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Tim Cook dreams of the day Americans vote by iPhone

The Apple CEO wants governments to put voting in the hands of tech companies.

Apple CEO Tim Cook believes that US voters should be allowed to cast their ballots using their phones, specifically, their iPhones. He revealed this during an interview published by the New York Times.

The comments came on the heels of Cook joining other corporate giants like Delta, Coca-Cola and JPMOrgan Chase, and Democrats, including Joe Biden himself, who are now up in arms against Georgia’s new election security law.

They say that the Republican-led effort to reform voting rules in order to prevent election fraud is an attack on voting rights – something the party strongly denies. But critics say the law will suppress votes, particularly of minorities said to have been instrumental in bringing Biden to power.

When asked if technology might be the answer to “voting issues” like election rigging, Cook was very enthusiastic in embracing the idea, saying, “I would dream of that.”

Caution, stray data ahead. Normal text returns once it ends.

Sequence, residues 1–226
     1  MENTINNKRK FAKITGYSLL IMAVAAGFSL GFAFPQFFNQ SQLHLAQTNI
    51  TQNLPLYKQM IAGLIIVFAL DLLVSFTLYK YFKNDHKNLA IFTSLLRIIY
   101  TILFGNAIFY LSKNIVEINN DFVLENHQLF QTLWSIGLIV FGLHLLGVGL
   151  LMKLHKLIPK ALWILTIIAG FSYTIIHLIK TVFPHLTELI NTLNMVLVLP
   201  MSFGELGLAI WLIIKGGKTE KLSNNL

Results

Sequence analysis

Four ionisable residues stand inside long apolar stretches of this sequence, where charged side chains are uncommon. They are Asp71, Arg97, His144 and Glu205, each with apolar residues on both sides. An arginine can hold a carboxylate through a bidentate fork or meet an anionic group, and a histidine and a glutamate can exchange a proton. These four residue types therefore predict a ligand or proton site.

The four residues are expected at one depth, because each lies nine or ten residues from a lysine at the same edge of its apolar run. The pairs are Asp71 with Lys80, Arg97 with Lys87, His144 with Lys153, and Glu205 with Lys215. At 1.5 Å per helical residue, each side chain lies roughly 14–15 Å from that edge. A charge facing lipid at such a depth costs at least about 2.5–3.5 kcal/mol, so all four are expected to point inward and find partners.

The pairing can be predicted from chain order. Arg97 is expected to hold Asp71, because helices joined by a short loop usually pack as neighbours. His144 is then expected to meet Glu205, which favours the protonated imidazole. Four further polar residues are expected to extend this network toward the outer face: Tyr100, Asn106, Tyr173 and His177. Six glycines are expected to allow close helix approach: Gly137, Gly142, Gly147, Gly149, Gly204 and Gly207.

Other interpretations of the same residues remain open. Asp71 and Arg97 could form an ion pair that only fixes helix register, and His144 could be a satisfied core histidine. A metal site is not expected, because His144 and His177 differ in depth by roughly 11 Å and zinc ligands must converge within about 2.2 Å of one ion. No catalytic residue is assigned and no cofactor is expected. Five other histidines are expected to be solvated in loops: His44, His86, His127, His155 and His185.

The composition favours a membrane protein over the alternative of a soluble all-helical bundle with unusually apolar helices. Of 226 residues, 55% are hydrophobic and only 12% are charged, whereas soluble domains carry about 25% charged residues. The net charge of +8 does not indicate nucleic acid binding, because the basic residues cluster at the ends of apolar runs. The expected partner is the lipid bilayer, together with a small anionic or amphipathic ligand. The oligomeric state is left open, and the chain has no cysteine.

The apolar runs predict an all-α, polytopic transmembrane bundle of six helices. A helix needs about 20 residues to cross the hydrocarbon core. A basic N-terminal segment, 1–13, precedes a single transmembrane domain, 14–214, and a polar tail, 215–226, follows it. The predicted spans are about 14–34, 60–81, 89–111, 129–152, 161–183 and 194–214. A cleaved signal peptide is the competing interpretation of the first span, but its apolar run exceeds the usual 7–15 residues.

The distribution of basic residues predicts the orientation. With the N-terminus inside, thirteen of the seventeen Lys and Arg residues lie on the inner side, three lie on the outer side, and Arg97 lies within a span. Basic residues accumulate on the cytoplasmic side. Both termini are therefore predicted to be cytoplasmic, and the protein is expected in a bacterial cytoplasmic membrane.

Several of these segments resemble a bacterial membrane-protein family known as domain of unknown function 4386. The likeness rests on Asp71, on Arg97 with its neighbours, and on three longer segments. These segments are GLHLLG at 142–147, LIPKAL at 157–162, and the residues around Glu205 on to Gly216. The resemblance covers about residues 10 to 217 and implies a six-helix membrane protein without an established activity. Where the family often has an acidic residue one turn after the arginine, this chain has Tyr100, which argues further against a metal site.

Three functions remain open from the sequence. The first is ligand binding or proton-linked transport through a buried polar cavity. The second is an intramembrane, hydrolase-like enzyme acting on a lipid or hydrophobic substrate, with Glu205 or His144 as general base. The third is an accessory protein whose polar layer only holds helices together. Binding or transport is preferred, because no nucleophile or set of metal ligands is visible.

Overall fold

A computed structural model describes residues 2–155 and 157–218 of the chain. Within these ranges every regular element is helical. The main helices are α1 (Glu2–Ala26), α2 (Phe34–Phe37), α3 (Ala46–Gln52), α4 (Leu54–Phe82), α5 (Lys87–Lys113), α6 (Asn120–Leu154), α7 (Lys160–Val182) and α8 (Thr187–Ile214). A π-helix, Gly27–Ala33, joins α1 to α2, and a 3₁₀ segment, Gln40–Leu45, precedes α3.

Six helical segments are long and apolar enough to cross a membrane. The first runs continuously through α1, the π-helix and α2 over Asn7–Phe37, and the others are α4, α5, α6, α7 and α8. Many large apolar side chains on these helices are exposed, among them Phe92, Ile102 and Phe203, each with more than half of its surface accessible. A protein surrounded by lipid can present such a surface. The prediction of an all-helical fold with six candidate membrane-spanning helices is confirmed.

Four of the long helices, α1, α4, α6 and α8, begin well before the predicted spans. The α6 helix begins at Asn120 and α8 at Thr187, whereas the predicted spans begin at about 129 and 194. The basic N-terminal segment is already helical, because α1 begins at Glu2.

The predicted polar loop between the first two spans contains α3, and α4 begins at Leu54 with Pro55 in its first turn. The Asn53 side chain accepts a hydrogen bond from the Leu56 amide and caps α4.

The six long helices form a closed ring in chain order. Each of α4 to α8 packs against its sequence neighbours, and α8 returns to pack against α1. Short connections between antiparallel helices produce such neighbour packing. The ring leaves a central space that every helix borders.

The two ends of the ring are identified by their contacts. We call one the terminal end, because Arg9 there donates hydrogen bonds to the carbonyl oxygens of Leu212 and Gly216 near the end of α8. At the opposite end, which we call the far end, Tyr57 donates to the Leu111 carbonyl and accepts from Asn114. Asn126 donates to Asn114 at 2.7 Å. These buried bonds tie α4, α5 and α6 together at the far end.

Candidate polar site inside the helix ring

He then justified this stance by adding that since banking and health information is already handled by Big Tech – in his words, “we have more information on a phone about us than in our houses” – so voting should be no exception.

According to Cook, the debate about voting rights may be misdirected, as the real focus should be on solving problems by using technology.

Referring to this vaguely as “incorporation of updated technology” he said it would mean that more US residents than ever – i.e., those with phones, would be able to vote. Cook believes that the real problem is in making voting simple, and judging by his statements published by the New York Times, he has no particular concerns that the election system might in reality face more security challenges if people are allowed to vote using a phone – nor that the idea might cause more political acrimony.

But security experts who considered this possibility last November told CBS that it could serve to discriminate against voters who cannot afford iPhones or internet access, along with inherent problems like online security, not to mention voter identification.

Not for nothing, only a few countries have so far toyed with the idea of allowing their citizens to vote on their phones. In order for the US to even consider such a move, it would have to make “a significant investment in digital infrastructure, distribute the technology equitability, make sure the digital voting process can be audited for accuracy, and prioritize voter security and privacy,” experts and policymakers said in November.

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